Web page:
Get to know Madagascar

Get to know Madagascar

Learn Malagasy, get to know Madagascar

Our Madagascar top 10  

 

We at Tribalingual are incredibly excited to share with you our brand new course – Explorer Malagasy! In this one post we share with you our top 10 of Madagascar: its nature, language, trade and traditions! It’s time to get excited about your travels. 

Nature

  • Trekking

Central Madagascar is home to Andringitra National Park, where explorers can find challenging mountain peaks to climb, as well as diverse flora and fauna in the forests. There are also three groups of people living in the national park, with different livelihoods. The Bara people raise cattle,  the Bara Haronga grow rice and the Betsileo have developed an irrigation system on the mountainside.

  • Lemurs

Lemurs exist in the wild in Madagascar, so this is the place to see them! You can find them in national parks, such as Montagne d’Ambre Park and Ankarana Special Reserve. Go on, find out if they do really have such great dance moves!

  • Isalo national park

Visit Isalo national park and see it all, from natural beauty to tribal footprints. You can trek past sandstone formations and hot springs, and meet monkeys in the deep canyons. You can also find the tombs of the Sakalava tribe, decorated with expressive statuettes.

 

Language

  • Malagasy Word order

The Eastern variant of Malagasy is one of the most widely spoken languages in Madagascar. To prep you for your Malagasy language course, you should know that Malagasy has a Verb-Object-Subject word order. Of course, this differs from English, but is actually common in Austronesian and Turkic language groups, and can been seen in languages such as Italian, which change word order to emphasise either action, subject or object of a sentence. So, repeat after me, “sat on the mat, the cat.”   

  • Malagasy Diaspora – AfroPeruvians

Did you know that Malagasy is not spoken in Madagascar alone? There is significant diaspora in France, Belgium and also Peru. This is due to slavery. A group of Afro-Peruvians are particularly active in the Catholic Church in Peru. Who knows, you Malagasy language skills may come in useful on your travels to Europe and South America!

Trade

  • Antsirabe crafts

Antsirabe is a highland town, surrounded by farmland. It is known for its traditional crafts, which are created using recycled waste – the people throw nothing away. For example, model bikes are created using bottle caps and pieces of wire, and the horn of the Zebu (bred for its meat in the town) is used to fashion works of art – nothing goes to waste!  Fabric embroidery is also very popular in the town.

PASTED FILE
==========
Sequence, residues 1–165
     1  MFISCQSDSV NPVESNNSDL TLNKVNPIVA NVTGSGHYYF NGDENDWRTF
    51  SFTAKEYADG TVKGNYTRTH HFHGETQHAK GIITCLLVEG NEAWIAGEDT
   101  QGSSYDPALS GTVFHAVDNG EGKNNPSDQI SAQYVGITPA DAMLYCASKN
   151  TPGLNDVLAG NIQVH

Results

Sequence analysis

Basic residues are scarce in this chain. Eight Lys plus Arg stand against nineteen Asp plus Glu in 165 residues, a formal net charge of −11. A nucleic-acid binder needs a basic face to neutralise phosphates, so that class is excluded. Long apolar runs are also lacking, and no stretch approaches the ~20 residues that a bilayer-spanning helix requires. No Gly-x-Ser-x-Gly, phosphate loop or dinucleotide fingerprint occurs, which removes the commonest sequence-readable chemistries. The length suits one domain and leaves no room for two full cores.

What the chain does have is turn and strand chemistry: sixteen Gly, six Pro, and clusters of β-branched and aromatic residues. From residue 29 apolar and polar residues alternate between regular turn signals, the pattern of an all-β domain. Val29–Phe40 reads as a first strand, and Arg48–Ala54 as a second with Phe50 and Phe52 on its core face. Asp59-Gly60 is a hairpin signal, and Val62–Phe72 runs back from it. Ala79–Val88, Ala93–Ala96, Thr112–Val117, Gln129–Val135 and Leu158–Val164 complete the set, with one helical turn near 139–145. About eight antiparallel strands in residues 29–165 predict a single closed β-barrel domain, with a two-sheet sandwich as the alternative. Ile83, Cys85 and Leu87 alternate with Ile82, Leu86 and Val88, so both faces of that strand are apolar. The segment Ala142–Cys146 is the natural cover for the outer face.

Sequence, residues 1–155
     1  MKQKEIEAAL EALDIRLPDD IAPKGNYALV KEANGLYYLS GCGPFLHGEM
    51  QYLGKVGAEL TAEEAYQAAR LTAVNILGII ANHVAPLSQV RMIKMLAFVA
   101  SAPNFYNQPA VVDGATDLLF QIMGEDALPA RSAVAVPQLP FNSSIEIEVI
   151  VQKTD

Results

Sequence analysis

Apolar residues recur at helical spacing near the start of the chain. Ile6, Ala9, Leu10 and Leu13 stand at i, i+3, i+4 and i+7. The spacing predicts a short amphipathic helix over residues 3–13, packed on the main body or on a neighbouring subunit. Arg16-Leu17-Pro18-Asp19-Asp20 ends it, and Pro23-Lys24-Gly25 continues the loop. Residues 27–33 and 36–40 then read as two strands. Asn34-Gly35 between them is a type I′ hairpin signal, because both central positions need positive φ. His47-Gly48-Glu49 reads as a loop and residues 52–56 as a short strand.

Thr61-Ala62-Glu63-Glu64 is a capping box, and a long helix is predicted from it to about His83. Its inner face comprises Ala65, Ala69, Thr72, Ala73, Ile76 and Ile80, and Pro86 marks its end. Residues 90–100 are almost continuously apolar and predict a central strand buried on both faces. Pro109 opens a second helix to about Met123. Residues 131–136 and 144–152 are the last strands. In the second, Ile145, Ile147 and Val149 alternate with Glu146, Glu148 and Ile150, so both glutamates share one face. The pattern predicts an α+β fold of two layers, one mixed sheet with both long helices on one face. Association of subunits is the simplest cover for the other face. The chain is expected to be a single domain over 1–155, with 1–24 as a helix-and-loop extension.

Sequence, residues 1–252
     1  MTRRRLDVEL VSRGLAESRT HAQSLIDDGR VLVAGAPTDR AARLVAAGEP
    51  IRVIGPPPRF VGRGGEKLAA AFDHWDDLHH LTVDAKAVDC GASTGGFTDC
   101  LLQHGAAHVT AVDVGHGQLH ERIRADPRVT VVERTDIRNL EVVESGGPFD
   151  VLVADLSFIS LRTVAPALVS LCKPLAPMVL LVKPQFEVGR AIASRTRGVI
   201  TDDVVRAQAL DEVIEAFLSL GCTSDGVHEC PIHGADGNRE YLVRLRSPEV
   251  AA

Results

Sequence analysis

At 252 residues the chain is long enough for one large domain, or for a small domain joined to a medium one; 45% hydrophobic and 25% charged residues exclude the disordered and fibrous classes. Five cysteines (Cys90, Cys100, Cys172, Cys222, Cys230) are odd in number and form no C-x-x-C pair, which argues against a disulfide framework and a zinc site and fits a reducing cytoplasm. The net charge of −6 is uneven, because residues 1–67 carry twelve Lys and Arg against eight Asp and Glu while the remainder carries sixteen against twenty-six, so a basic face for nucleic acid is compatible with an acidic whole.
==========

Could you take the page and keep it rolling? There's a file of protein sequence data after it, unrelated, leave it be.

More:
• Vanilla

Madagascar’s Vanilla coast is surprisingly a fairly untouched region for tourists, and the facilities and infrastructure here are not as developed as elsewhere in the island. However, this affords a unique visit, where you can get to know the place and the people first hand. Mananara National Park, as well as Aye-Aye Island and Nosy Atafana are the places to go to experience the scent of vanilla lingering in the sea air.

Rituals

  • Famadihana

It is traditional in the Malagasy highlands that every seven years, families exhume the bodies of their dead relatives. Known as ‘the turning of bones’ in English, this tradition follows the belief that a deceased soul only joins the afterlife after many years and ceremonies such as these. They wrap the corpse in fresh linen to music, and hold ceremonies full of dancing, feasting and reflection. It can be arranged for tourists to join families in their revelling, so if you fancy it you can attend!

  • Taboos

As John wrote in his Tribalingual blog post, the Malagasy people have various superstitions and taboos (fady). To go hand in hand with our love of lemurs, we are obviously fans of the taboo that forbids killing a Lemur. If you want to keep those angatra away, you had better refrain from choosing a Lemur for lunch!

  • Angatra

John also told us about Angatra (demons in Malagasy), which are known to haunt their own graves and bring misfortune to those who stumble across them. You might encounter a kinoly, a type of demon which roams public areas at night wailing. You can recognise them from their long nails and red eyes!

We hope you are as excited as we are about our course launch, and that you are looking forward to learning Malagasy ahead of your trip to this wonderful place!

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